Moderna COVID-19 vaccine. (Photo by Joe Raedle/Getty Images).
The Ohio Department of Health will not require its employees to receive a COVID-19 vaccine to return to the office, a spokeswoman said this week.
Some employees are already working on-site at the department, mostly on hybrid schedules. More employees and departments will be “gradually phased in” to working on site, according to department spokeswoman Alicia Shoults.
She didn’t respond when asked what percentage of its employees are vaccinated.
Late last month, President Joe Biden issued an executive order requiring all federal government employees and on-site contractors to attest to their vaccination status. All unvaccinated employees must wear a mask on the job, regardless of their location and distance from other employees and visitors. They must also comply with a weekly testing regimen and be subject to restrictions on official travel.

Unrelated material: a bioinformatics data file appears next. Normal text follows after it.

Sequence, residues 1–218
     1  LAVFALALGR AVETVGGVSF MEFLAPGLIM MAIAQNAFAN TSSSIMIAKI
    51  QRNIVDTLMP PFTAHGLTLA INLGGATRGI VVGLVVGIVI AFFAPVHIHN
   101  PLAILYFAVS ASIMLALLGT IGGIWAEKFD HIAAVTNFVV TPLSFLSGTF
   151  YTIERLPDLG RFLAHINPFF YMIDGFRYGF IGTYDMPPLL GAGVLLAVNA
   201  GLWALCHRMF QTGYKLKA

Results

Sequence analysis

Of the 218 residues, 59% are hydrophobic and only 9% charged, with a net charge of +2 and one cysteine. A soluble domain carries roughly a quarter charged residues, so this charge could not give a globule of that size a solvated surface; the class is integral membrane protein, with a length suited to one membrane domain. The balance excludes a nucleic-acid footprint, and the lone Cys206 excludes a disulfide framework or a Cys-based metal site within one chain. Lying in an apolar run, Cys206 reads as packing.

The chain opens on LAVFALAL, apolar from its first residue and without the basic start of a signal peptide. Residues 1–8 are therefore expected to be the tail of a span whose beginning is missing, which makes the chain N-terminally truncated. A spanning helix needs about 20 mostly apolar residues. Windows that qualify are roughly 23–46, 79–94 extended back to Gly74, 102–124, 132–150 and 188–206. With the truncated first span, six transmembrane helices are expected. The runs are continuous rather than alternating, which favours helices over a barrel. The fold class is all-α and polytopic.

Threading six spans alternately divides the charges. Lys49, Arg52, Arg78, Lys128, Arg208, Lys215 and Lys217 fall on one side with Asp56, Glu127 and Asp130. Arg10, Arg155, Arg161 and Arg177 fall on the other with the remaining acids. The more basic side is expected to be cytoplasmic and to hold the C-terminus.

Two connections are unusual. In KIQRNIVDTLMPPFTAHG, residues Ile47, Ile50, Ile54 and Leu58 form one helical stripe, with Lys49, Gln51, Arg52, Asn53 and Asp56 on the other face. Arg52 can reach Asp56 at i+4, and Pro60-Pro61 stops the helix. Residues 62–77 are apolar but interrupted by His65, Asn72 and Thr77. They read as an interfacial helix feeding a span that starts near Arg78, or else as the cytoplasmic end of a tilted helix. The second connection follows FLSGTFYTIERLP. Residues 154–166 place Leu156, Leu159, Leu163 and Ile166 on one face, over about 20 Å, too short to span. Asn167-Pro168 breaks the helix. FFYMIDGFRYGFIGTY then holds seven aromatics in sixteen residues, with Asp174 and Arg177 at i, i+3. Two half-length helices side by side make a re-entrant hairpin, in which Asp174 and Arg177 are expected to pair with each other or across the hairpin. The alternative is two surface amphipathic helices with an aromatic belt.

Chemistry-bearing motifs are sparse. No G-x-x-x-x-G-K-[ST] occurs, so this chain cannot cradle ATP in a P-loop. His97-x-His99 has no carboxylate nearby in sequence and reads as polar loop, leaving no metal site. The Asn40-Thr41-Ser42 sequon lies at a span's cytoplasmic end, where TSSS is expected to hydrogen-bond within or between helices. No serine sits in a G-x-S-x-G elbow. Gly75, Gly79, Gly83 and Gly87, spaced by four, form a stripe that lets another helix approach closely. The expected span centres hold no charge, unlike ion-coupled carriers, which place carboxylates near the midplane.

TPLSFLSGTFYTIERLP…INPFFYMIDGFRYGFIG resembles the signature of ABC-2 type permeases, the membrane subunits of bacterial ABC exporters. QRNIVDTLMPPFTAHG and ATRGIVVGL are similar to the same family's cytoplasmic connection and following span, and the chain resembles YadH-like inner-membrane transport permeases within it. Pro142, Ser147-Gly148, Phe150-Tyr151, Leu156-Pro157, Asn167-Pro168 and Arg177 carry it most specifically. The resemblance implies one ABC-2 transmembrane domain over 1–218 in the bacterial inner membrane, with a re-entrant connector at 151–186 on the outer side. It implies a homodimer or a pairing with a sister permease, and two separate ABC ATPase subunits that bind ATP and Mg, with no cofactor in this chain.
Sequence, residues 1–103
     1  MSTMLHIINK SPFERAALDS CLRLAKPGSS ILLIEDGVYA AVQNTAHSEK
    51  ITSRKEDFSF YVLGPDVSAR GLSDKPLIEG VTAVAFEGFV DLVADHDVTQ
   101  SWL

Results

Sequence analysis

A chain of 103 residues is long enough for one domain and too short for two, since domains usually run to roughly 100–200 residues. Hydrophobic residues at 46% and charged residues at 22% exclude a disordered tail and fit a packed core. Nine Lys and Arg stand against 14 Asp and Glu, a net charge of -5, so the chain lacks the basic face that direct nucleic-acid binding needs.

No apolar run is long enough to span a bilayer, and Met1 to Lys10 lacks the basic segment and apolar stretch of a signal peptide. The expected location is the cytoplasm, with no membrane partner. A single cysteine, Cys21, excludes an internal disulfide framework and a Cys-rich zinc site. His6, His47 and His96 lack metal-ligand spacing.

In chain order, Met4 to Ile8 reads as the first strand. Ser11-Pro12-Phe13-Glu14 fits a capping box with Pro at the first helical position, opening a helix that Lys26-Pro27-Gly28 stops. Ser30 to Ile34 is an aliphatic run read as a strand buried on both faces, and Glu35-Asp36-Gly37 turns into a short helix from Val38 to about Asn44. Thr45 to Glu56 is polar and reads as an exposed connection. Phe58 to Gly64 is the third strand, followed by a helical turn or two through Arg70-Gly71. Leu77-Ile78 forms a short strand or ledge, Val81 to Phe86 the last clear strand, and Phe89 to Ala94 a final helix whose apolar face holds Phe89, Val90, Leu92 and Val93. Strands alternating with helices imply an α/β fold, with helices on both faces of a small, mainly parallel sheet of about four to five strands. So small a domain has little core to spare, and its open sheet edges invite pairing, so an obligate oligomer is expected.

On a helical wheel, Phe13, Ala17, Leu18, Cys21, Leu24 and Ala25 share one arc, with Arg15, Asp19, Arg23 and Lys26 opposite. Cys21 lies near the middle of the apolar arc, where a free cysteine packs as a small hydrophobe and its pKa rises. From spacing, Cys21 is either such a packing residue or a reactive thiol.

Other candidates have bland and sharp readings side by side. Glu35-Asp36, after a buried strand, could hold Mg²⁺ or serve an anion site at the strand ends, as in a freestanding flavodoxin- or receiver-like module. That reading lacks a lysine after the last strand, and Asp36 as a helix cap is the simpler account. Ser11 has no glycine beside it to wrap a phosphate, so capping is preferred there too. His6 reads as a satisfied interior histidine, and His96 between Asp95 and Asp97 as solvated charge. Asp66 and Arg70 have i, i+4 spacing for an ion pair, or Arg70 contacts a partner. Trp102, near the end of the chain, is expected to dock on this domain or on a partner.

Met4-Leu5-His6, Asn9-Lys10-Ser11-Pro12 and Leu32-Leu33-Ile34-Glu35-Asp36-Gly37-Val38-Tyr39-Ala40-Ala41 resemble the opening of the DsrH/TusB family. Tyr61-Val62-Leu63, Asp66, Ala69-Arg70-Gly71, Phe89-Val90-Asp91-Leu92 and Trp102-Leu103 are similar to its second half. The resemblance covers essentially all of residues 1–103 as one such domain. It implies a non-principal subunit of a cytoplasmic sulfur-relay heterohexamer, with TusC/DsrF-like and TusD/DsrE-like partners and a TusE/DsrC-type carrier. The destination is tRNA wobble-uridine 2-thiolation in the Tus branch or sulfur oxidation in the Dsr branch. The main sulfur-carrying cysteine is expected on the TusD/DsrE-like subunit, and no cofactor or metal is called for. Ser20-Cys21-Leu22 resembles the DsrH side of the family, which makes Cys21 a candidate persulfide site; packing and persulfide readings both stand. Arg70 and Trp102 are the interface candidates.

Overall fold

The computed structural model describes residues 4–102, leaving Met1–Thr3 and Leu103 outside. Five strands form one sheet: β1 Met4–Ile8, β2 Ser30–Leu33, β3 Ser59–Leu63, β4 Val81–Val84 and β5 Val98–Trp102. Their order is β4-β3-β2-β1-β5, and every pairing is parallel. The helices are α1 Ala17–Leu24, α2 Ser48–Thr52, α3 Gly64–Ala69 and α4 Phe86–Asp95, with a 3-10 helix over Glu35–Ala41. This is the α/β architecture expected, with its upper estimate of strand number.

There’s no apparent evidence of this trickling down to the state level, for now.
“We have not heard of any plans to mandate vaccines in any state agency,” said Chris Mabe, president of the Ohio Civil Service Employees Association.
He declined to take any position on any potential mandate.
“If agencies start to establish vaccine policies, our union will be asserting our rights at the bargaining table to make sure our members are treated fairly,” he said.
While no mandate exists for now, Gov. Mike DeWine announced last week that all state employees who receive a COVID-19 vaccination are eligible for a $100 incentive, plus $25 for their spouses.
Less than 50% of the state has been vaccinated against COVID-19 after more than seven months of availability, according to ODH data.
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